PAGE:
In contrast a culture like ours, which trades-off human safety for cost, has no benchmarks whatsoever to calibrate our expectations apriori (because our metrics were compromised when someone, somewhere elected to cut corners without telling the rest of us what corners they cut) and there is no meaningful ex post facto remedy mechanism where civil and/or criminal burdens can be levied on whoever is shown responsible for the short-cut.

So, because we don't know if it was 500 people expected to die of the cloudburst given the (predictable) structural conditions they were in -- in which case someone should be made to pay since over 800 actually died -- or was it 3000 people expected to die -- in which case someone should be given a medal -- we read news accounts, blog about them, then move on. Everyone who's responsible for the unfathomable and unmeasured horror has a get-out-of-jail-free card because the rest of us are all in the dark.

Is there a solution? Well, for one, if we had a robust tort system, it'd be a good start. Maybe we can't avert dying in bunches but we can impose really harsh cost on whoever is responsible. This will surely increase the cost of our lives but it will enhance their value as well.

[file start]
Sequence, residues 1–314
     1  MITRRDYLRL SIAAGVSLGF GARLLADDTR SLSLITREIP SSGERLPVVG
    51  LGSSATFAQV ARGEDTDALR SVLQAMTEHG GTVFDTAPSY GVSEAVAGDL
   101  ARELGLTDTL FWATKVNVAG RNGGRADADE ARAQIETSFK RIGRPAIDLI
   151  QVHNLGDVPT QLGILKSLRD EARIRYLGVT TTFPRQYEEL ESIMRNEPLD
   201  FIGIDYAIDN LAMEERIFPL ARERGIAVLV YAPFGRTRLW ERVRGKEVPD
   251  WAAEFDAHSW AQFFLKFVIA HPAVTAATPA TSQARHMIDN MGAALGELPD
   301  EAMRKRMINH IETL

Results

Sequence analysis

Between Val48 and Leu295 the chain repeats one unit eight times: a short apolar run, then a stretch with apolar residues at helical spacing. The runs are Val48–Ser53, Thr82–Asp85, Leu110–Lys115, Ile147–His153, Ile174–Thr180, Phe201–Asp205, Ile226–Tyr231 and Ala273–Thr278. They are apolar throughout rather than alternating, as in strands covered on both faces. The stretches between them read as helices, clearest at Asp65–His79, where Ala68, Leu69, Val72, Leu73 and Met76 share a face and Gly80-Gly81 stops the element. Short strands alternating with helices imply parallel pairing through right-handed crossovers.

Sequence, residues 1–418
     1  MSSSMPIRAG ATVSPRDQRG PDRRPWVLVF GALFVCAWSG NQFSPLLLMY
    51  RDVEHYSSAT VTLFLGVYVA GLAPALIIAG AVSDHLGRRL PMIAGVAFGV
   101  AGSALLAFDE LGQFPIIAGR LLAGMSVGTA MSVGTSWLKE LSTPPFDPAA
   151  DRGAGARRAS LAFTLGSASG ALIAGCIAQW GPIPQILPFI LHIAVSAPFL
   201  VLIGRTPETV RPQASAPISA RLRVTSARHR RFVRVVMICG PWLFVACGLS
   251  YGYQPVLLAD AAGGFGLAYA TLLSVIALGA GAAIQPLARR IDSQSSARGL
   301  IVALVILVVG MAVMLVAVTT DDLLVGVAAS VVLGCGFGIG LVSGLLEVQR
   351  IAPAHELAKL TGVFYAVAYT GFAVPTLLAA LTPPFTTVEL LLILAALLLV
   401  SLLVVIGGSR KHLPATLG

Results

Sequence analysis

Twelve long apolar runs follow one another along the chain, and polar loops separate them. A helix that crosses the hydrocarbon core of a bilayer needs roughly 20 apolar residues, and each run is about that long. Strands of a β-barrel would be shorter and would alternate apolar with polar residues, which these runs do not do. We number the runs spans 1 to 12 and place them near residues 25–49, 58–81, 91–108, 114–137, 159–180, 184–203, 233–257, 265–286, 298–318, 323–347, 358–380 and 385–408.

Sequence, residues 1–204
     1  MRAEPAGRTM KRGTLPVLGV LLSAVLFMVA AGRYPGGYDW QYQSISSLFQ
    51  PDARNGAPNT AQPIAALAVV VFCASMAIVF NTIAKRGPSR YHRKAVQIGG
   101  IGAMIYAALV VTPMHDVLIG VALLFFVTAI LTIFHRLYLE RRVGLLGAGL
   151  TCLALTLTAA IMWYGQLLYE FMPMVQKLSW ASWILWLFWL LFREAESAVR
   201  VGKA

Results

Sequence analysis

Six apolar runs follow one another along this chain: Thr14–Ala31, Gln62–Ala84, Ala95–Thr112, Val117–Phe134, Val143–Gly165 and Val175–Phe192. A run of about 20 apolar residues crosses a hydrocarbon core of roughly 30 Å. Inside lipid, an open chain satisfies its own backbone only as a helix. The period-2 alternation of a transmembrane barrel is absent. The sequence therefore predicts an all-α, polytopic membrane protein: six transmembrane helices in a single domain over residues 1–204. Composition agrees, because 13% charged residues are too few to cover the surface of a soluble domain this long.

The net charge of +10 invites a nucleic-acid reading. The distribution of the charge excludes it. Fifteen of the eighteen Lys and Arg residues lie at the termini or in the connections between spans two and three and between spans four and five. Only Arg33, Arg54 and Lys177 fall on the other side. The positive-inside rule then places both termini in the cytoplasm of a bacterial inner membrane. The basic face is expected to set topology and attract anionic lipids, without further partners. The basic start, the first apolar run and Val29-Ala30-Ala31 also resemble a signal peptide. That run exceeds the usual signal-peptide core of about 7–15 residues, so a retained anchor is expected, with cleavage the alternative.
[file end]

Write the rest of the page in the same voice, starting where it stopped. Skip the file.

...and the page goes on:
Perhaps Mumbai will take a lead in this. We hope the people of the city will sue for serious damage and extract a precedent-setting punitive award from the government. Sure, it isn't all the government's fault, but they are at least partly to blame and we know their address. So, Mumbai, how about serving your government a tsunami of summons? Don't settle for the pathetic compensation packages they will offer. Beat them in court and show India a new way of doing things.

Ring the bells that still can ring
Forget your perfect offering
There is a crack, a crack in everything
That's how the light gets in. Leonard Cohen

1 comment:

Kaunteya said...

Well said Sir. On the same subject,I remember a classic exposition by India Today's Swapan Das Gupta titled 'The Ugly Indian'; an essay where he surgically teared the Indian middle class mindset.
The cover of that edition of India Today showed a (seemingly) educated middle aged gentleman peeing in a public place.
Point in case of how we Indians have taken the nation so much for granted. This attitude is somewhat related to what you wrote. The 'taking for granted' mentality has now been deeply implanted into our psyche. We have simply assumed that whenever rains fall there would be a 'few' casualties. We have assumed that Government is inept so no point in bothering anyways. We have now assumed that it does not matter that bombay will have a 'few' bomb blasts here and there, a 'few' riots here an there and a 'few' deaths due to rains here and there. Its now all taken in 'stride'. We have assumed that every year hundreds of our youth (barely in their 20s) will die in Kashmir for having to put up with follies commited by someone in the past (read Nehru). We have now taken for granted that Bihar will always be ruled by Laloo and his family whether he's voted for that or not. We have simply taken this for granted that Underworld will be a part of our Bollywood, will mint money at our costs and than attempt to destroy our own institutes,... so on and so forth..

I think somewhere along the last 50 years of our so called freedom.. we have somehow lost the ability to question... to ask.. to react..